Founded in 1718, and named for the French regent, Philippe II, (duc d’Orléans), whose lifestyle would have fit right in with the Big Easy’s freewheeling reputation, the city has always been battling water. In fact, two severe hurricanes hit in 1721 and 1722, throwing no end of problems into its initial development.
Given its strategic location, though, growth was inevitable. The 1840’s and 1850’s saw waves of immigration, and along with it logistical problems, again mostly caused by floods. In their wake were occasional outbreaks of cholera and yellow fever, including a yellow fever epidemic in 1853, that claimed 8,000 lives.
The Civil War brought quick Union occupation (in April, 1862), and Reconstruction proved no kinder, with its carpetbaggers and scalawags essentially destroying the municipal treasure. When the 20th century came along, the old steamboats were no longer able to compete with the railroads, but with super-sized barges, and the introduction of the petrochemical industry in the 1950’s, the city was on its way back.
A decline in the oil industry in the mid-1980’s was fortunately met by an expansion in tourism, even as many of the middle and upper classes (of all races) left the crime-ridden city for the suburbs.
But, for a city that is situated—on average—six feet below sea level, its problem with keeping back the water would not go away. Even the flooding occurring during Hurricane Betsy in 1965 would not provide the impetus for the levees to be built higher. Disingenuous carping at George W. Bush notwithstanding, New Orleans’ problems with corruption and bureaucratic mismanagement are part of its rich history.
Even now, as I see images of the poor and homeless victims, I have to struggle with the same paradox that rises up in my mind every time I visit New Orleans: With all the tourism, conventions, and gambling going on, just where is all the money disappearing to? No other major city in America has such poverty up against a backdrop of such geographical, cultural, and economic gifts.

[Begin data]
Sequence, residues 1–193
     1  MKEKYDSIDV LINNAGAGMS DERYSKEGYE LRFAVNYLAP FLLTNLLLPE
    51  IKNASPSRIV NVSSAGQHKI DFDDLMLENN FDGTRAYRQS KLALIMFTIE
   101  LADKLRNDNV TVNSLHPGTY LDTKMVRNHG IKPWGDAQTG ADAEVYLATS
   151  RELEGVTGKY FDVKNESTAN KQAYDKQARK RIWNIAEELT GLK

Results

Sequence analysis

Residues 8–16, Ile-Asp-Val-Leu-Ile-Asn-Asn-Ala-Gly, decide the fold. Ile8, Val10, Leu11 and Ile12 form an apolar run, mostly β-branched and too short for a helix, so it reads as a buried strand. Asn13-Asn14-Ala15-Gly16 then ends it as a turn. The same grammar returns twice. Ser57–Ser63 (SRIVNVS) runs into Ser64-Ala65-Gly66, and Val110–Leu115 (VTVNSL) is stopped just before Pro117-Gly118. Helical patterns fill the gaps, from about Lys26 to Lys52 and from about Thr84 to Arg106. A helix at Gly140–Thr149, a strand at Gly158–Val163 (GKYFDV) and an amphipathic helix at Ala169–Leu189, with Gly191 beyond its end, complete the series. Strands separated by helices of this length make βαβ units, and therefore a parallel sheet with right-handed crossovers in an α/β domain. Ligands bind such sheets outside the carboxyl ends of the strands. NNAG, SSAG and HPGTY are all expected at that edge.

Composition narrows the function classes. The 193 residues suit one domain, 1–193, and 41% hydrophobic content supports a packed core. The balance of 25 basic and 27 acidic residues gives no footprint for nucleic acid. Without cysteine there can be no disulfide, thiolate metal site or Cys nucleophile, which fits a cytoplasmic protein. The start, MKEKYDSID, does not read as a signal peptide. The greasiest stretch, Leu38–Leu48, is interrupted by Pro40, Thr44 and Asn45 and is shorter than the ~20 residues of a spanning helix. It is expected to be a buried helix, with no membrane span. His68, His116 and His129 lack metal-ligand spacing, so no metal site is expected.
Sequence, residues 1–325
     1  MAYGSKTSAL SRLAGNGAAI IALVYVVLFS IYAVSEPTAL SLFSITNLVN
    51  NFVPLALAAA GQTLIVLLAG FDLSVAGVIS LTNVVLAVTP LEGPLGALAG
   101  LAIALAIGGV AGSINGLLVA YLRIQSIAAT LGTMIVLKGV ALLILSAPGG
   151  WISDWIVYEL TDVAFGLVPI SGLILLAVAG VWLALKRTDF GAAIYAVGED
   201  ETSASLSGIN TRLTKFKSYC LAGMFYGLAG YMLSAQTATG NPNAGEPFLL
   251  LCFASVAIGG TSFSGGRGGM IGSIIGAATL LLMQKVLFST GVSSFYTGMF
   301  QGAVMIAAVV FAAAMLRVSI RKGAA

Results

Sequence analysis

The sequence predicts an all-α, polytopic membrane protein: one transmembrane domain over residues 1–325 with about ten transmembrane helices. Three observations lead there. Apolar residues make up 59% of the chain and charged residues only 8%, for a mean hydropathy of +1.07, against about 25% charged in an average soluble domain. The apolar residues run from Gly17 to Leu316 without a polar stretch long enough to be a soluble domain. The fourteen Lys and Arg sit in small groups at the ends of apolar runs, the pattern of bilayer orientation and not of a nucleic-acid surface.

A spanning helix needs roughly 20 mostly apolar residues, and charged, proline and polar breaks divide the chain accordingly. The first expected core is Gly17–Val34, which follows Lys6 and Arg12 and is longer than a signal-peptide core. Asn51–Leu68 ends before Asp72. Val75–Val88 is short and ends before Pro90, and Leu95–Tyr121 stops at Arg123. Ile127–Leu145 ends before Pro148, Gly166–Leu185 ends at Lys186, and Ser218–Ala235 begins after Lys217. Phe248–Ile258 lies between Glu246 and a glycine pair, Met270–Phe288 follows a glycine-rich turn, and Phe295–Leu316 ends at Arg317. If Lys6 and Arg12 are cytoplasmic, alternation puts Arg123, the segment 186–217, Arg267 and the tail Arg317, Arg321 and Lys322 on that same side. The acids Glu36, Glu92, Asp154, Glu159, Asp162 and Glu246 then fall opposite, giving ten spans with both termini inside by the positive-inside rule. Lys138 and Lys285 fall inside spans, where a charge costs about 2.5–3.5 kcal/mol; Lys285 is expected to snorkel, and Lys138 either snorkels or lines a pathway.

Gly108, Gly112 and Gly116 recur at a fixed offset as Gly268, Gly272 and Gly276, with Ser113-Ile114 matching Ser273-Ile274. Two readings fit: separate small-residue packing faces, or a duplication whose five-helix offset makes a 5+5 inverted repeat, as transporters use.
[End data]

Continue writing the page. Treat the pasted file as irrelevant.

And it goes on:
You can blame corruption, of course, but there’s much more here. It is abundantly clear that the very same government that extracts taxes from us is not capable of either maintaining and improving the levees, or providing adequate disaster relief. But then, why should they be able to?
Make no mistake, hurricanes come and go. Katrina did not “cause” this disaster, it was rather the failures of flood control that did, and there were plenty of warnings. If a private company were charged with maintaining the levees, instead of the US Army Corps of Engineers, there would be hell to pay. But tell me, beyond a few key firings (maybe) what will happen with any of the moribund agencies that failed to do their job? Nothing, nada, zilch. So, given zero accountability, why should they care?
Couple that with the creation of generations of a dependent class—disproportionately represented in New Orleans—and you have the makings of a true catastrophe.
While the specter of looting and other assorted lawlessness is horrific, but hardly unexpected in this functionally atheistic society, better to look for comic relief at our loonie so-called environmentalist friends on the Left. Global warming, you see, caused the hurricane, or somehow made it worse. That there have been worse hurricanes before global warming was discovered (nay, invented), or that the flood was caused by levee failure is not considered.
The Feds, and their local vassals, have shown us quite well that no matter which party is in charge, they can’t secure our borders, can’t punish the guilty, can’t protect the innocent, can’t develop a rational energy policy, can’t maintain our infrastructure, and can’t even marshal their vast resources to save their own people.
What they CAN do, though, is engage in endless political bickering and media posturing, rather than solve a single major problem. For me, that’s no better than looting.